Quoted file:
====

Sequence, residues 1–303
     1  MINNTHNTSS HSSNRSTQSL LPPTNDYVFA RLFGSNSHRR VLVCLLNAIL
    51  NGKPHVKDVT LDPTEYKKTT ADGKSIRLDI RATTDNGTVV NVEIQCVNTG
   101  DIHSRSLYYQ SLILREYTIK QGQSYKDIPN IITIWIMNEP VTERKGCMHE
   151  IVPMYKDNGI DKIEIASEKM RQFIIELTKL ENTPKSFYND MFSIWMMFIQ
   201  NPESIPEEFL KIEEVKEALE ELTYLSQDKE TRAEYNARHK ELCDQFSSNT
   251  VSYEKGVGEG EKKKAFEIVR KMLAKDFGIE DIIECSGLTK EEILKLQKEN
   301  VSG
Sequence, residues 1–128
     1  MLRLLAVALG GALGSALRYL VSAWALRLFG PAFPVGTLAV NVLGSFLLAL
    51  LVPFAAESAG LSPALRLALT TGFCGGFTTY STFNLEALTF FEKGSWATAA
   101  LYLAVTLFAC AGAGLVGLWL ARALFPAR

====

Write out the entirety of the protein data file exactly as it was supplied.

Sequence, residues 1–303
     1  MINNTHNTSS HSSNRSTQSL LPPTNDYVFA RLFGSNSHRR VLVCLLNAIL
    51  NGKPHVKDVT LDPTEYKKTT ADGKSIRLDI RATTDNGTVV NVEIQCVNTG
   101  DIHSRSLYYQ SLILREYTIK QGQSYKDIPN IITIWIMNEP VTERKGCMHE
   151  IVPMYKDNGI DKIEIASEKM RQFIIELTKL ENTPKSFYND MFSIWMMFIQ
   201  NPESIPEEFL KIEEVKEALE ELTYLSQDKE TRAEYNARHK ELCDQFSSNT
   251  VSYEKGVGEG EKKKAFEIVR KMLAKDFGIE DIIECSGLTK EEILKLQKEN
   301  VSG
Sequence, residues 1–128
     1  MLRLLAVALG GALGSALRYL VSAWALRLFG PAFPVGTLAV NVLGSFLLAL
    51  LVPFAAESAG LSPALRLALT TGFCGGFTTY STFNLEALTF FEKGSWATAA
   101  LYLAVTLFAC AGAGLVGLWL ARALFPAR